U s s seawolf submarine.., p.18
U.S.S. Seawolf: Submarine Raider of the Pacific, page 18
Well, that was clear enough.
We spent three or four days going up the Australian west coast. We made training dives, fired a few practice rounds of service ammunition, checked our gear, and readied the ship for action. Finally we reached our advance base and fueled to capacity. Then we headed north, entered our old picnic grounds, and headed right up for our first stopping point.
Our first days were uneventful, but the crew was on constant alert. These were some of the most dangerous waters in the Pacific. The sea bottom was treacherous, a crazy quilt of boulders, shoals, and menacing coral reefs. Some of it had never been charted. The fear of striking a reef was on my mind day and night. Maley and I stood an intense sound watch, each of us doing with less than six hours' sleep out of the twenty-four.
On the third day, as we were patrolling, Lieutenant Syverson, conning officer at the time, picked up a target. The call went down for Captain Warder, and the Skipper took over.
The intercom chattered: "She has a two-stick mast ... high bridge ... single-stacker... Range, about 8,000. Looks like a converted passenger liner... She's certainly traveling ... Probably headed for Balikpapan."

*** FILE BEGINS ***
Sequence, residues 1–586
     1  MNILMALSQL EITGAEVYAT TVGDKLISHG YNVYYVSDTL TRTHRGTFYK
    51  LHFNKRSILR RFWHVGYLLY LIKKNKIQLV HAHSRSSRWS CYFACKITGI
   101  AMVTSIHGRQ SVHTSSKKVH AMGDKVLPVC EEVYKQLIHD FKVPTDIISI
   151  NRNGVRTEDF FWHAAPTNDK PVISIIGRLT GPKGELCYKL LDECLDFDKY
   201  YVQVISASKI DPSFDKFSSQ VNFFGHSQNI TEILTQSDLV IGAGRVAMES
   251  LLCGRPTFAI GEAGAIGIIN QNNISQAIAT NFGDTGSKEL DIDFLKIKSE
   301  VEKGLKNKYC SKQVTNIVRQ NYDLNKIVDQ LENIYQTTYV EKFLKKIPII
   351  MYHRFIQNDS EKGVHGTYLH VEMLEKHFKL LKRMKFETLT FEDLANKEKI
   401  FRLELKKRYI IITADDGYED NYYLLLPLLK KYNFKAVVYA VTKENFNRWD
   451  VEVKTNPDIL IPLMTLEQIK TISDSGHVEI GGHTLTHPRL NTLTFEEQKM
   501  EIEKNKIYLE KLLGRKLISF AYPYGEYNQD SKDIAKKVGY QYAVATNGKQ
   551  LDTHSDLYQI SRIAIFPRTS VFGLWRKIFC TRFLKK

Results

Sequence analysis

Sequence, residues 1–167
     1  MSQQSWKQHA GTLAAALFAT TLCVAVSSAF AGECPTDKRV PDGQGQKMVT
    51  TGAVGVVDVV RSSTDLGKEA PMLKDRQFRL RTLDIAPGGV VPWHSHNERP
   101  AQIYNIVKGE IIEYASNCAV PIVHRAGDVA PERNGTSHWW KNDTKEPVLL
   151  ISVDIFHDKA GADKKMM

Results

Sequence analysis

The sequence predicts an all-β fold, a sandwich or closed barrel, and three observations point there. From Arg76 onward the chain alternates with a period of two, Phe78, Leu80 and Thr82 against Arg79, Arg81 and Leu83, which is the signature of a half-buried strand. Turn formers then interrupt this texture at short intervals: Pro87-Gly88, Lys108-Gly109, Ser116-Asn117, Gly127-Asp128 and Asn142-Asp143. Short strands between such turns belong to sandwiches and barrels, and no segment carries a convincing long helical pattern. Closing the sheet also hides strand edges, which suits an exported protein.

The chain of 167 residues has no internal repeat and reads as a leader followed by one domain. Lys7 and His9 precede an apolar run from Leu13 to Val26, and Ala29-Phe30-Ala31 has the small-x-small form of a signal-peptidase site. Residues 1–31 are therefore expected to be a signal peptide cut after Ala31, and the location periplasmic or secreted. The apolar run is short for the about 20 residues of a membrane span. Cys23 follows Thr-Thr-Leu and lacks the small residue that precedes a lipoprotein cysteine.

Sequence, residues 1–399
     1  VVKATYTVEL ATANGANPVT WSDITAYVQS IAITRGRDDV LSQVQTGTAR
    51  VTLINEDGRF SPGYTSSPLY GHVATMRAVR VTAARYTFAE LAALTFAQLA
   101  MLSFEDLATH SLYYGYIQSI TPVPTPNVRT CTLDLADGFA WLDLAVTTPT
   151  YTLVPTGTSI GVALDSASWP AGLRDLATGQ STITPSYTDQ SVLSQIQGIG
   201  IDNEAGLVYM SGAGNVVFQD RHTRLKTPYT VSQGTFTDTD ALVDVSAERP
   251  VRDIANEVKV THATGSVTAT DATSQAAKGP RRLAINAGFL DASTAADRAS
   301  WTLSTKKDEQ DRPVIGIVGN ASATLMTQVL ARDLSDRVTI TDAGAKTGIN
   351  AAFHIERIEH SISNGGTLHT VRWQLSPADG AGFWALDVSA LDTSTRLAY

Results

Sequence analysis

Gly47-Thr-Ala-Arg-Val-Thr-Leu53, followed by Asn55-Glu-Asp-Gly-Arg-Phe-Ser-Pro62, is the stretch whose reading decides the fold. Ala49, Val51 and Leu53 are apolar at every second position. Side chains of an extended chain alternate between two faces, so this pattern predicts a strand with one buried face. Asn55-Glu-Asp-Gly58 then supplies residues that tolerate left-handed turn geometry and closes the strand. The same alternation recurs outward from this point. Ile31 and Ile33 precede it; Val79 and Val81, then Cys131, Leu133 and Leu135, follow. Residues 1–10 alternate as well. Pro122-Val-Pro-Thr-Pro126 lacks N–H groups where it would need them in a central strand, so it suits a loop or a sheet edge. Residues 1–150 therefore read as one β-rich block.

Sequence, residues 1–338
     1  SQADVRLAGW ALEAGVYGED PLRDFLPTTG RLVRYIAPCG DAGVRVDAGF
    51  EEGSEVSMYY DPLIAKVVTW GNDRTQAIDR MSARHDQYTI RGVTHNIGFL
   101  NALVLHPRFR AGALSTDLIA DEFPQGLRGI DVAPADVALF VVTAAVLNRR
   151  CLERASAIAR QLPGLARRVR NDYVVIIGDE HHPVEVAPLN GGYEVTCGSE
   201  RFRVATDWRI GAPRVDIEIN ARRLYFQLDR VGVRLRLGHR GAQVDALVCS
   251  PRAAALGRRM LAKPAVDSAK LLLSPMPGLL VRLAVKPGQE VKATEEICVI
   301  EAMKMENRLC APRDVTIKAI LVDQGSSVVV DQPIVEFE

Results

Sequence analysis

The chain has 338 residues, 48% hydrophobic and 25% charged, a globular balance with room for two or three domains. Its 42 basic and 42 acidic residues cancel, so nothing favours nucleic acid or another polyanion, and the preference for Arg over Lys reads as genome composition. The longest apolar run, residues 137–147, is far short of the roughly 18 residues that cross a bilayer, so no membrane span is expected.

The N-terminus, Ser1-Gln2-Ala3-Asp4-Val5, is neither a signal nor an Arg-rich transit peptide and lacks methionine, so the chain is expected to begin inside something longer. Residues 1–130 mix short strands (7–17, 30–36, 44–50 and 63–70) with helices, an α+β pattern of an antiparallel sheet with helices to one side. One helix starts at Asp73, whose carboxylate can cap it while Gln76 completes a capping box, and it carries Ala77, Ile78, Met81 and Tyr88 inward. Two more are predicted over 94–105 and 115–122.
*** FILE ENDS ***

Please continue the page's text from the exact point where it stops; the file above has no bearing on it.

This made her a doubly valuable target. We knew from information given us that the Dutch had virtually destroyed Balikpapan, on the southwest coast of Borneo, fabulous for the rich-ness and quantity of its oil. But we knew, too, that the Japs were trying desperately to put the wells back into condition. It was up to us to stop this Jap from getting to Borneo.
I picked up the target. Her course was normal. The order came to fire. We fired.
Seconds ticked by ... a minute now. No explosion yet.
"I can see both of them," said Captain Warder's voice. "They're missing ahead. Now she's seen them ... Here she is, boys ... coming right for us ... Looks scared as hell, too ... Take 'er down ... Rig for depth charge."
While I kept singing bearings out to him, I was wondering what in the hell had happened. Just what was wrong? We waited, silent. But the ship never dropped a charge.
"She's running away," I called out.
The Skipper upped the periscope. "Damn!" he said. "There the bastard goes, heading right back to the barn. He knows damn well I can't follow him. Secure battle stations. Secure depth-charge stations."
Now things were quiet. Had we picked up a new jinx? There was nothing to do but lump it. I wandered into Kelly's Pool Hall and found Eddie Sousa. He felt like cribbage. We sat down and started to play and we hadn't been playing more than ten minutes when we heard the distant, muffled thump of a depth charge. I started to get up, but Sousa said, "Oh, hell. They're a long way off. Let's finish the game."
We finished it and started a second. When a second charge went off Sousa fanned out his cards and said, "Probably sent out a plane to heckle us."
I said: "Could be, Eddie, but I better get back up with Paul."